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glowlight

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  1. Firstly - I'm so glad you didn't leave the forum in August - there are many of us here who are retired ballet Mums and we still have something to contribute, and the forum can still give something to us as well. Secondly - that feeling of grieving when your child makes the decision to stop dancing is normal. I think we all feel it to some extent, even when you know it is the right choice. Thirdly - It is interesting that the pandemic has given some students the space they need to realise that they are on the wrong path for them. Definitely a silver lining in all of
  2. Hopefully, if the schools are working together on this, students won't be put in the position of having to accept an offer at one school before final auditions have happened at others. I know this happens to some extent in normal years, but if some schools take an approach of delaying finals and others choose to go ahead with a video approach offers could be all over the place!
  3. How awful for you @meadowblythe that social services put that decision on you....although I expect you were grateful that they did at the time. I expect I would have made the same decision - trusting the school to deal with it.
  4. Oh @cotes du rhone !. What a humbling post. It made me so sad to read of your dreadful experiences and particularly that you still blame yourself for not speaking out sooner. Firstly can I say congratulations to your dd for making her difficult choice and moving on with her life. It is easy to forget that ALL dancers have to make that choice at some stage. For some it is after years in a successful career. For some it is after a few years of jumping from one job to the next and struggling to make ends meet. For many, sadly, it is after years of training but before they have s
  5. When my dd was young her dance teacher allowed her to go to other schools for extra classes and dance styles which she didn't offer. In fact she even set this up on occasion. I don't know what the position would have been for styles she did offer, but I think she would have been sensitive to the issue of timetabling not fitting. On the face of it, you might think that the teacher is trying to protect her business, but if so that would be short sighted as you could just up sticks and take all your business elsewhere. There could be other reasons for her position. The
  6. I too was going to suggest Northern Ballet School in Manchester. My dd went there (many years ago) and was on their classical (ballet) strand - but the variety of dance styles taught enabled her to get a job on cruise ships when she wasn't able to find a job in classical ballet. Have you considered going down the contemporary route? The colleges which offer contemporary seem to prefer their students to be more mature than the schools with a predominantly ballet focus where most students start at 16. You would still get a strong ballet training, but with more diversification.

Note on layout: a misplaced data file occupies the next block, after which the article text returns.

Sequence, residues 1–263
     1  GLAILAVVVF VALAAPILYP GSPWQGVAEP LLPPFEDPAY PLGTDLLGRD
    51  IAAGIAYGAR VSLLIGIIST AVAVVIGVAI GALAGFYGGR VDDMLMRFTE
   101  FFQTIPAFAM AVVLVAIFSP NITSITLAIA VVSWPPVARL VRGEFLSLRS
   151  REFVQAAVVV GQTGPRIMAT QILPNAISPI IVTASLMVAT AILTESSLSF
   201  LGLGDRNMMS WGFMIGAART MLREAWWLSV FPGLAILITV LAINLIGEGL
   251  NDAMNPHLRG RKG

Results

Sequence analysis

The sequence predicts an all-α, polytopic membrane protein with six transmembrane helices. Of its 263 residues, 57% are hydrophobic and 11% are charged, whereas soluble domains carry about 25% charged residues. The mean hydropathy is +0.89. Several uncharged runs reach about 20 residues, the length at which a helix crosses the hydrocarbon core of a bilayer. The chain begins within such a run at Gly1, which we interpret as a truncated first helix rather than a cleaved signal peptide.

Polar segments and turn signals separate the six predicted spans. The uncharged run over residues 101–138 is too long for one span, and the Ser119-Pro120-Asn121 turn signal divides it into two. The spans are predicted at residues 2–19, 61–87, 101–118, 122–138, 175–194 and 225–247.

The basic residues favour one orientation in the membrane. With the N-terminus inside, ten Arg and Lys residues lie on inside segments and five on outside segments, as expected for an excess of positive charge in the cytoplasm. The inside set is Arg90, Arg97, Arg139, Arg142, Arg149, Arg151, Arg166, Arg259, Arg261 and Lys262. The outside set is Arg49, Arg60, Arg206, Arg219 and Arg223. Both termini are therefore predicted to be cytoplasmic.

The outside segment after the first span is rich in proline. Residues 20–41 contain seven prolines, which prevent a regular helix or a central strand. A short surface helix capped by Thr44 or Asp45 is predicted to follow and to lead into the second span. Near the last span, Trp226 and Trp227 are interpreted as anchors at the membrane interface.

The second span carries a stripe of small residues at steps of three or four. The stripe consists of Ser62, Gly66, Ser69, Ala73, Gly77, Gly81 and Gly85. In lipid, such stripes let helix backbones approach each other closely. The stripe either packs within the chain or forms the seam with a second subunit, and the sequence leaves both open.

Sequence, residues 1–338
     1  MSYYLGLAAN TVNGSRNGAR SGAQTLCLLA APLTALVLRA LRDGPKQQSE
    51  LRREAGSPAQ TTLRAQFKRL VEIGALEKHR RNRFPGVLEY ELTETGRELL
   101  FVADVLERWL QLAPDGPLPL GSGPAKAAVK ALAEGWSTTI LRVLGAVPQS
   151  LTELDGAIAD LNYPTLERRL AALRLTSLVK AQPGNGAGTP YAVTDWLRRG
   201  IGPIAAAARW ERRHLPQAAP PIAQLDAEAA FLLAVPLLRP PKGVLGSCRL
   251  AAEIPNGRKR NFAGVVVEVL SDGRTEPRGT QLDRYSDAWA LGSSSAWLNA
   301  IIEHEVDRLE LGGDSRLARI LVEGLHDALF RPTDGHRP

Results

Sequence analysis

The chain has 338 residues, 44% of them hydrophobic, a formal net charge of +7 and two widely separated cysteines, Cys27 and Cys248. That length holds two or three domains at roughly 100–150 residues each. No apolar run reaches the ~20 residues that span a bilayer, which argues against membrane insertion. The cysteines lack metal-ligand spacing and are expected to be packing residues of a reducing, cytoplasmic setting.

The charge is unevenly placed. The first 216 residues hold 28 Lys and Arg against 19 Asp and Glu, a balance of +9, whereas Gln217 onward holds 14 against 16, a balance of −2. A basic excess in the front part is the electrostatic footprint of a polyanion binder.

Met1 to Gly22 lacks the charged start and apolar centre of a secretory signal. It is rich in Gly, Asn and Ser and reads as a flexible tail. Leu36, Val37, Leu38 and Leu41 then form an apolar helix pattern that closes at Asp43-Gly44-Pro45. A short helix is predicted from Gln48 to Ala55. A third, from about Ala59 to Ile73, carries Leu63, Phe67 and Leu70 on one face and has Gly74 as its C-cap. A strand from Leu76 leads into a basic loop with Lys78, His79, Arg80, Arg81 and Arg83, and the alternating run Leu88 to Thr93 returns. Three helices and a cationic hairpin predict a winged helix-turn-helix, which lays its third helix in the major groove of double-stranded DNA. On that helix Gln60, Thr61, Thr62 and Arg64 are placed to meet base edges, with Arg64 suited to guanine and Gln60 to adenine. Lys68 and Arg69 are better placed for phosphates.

7. @Oakley - I too am unable to answer your question directly as my dd went to vocational school at 16. There certainly are people who take 'unconventional' routes, but I think a lot will depend on who is teaching you, and their contacts. It is difficult enough to even be offered an audition for a ballet company, and I got the strong impression when dd was auditioning for companies that the name of the school and what professional level performance experience you had made a big impact on that. And that brings me to a second point about vocational school vs private lessons. At schoo
  8. I remember you - many a Saturday morning spent sat in the lobby at West Park
  9. My husband just asked me if there was a category for 'Retired Ballet Mums' on the forum? A category for ...'Been there, done it, got the grey hair!'. I know that there are many of us here who's DC's are now grown up, and I love that we can still be part of this community.
  10. With any appeal, I think it is worth considering ...what is to be gained? Will it make a difference to these students' future careers if their grades are increased? If so - maybe it is worth considering. If not - maybe it is better to accept it as a quirk of the bizarre times we live in and move on to the next stage in their training (which I'm sure they have already done anyway).
  11. BBC news says Morrisons are stepping up on the face masks thing - but how staff will identify people who are 'medically exempt' I don't know as there is no legal definition for who is medically exempt. https://www.bbc.co.uk/news/business-55618408
  12. 'Cooking in a Bedsitter' was my cookery bible as a student in the 80's, and I have bought many copies since for students going away to college.
  13. A Nutcracker is for life..not just for Christmas??? Or maybe not!
  14. It's interesting to notice how ones perception has changed. I often find myself thinking 'gosh they're standing close together', or 'how rude that he's getting in her face like that' when watching films and TV shows which were made pre-Covid.
  15. I wrote this a couple of weeks ago in a moment of mellow reflection. For me this sums up 2020: The year of walks and picnics. Of sunshine and muddy trousers. Of missing family, but getting to know the neighbours. Of saving money on holidays, and spending it in local businesses who have worked so hard, re-inventing themselves again and again to keep going. The year of statistics and lockdowns. Of online rum tasting and virtual festivals. Of realising that life doesn’t have to include commuting on crowded trains, visiting busy shops and big parties.
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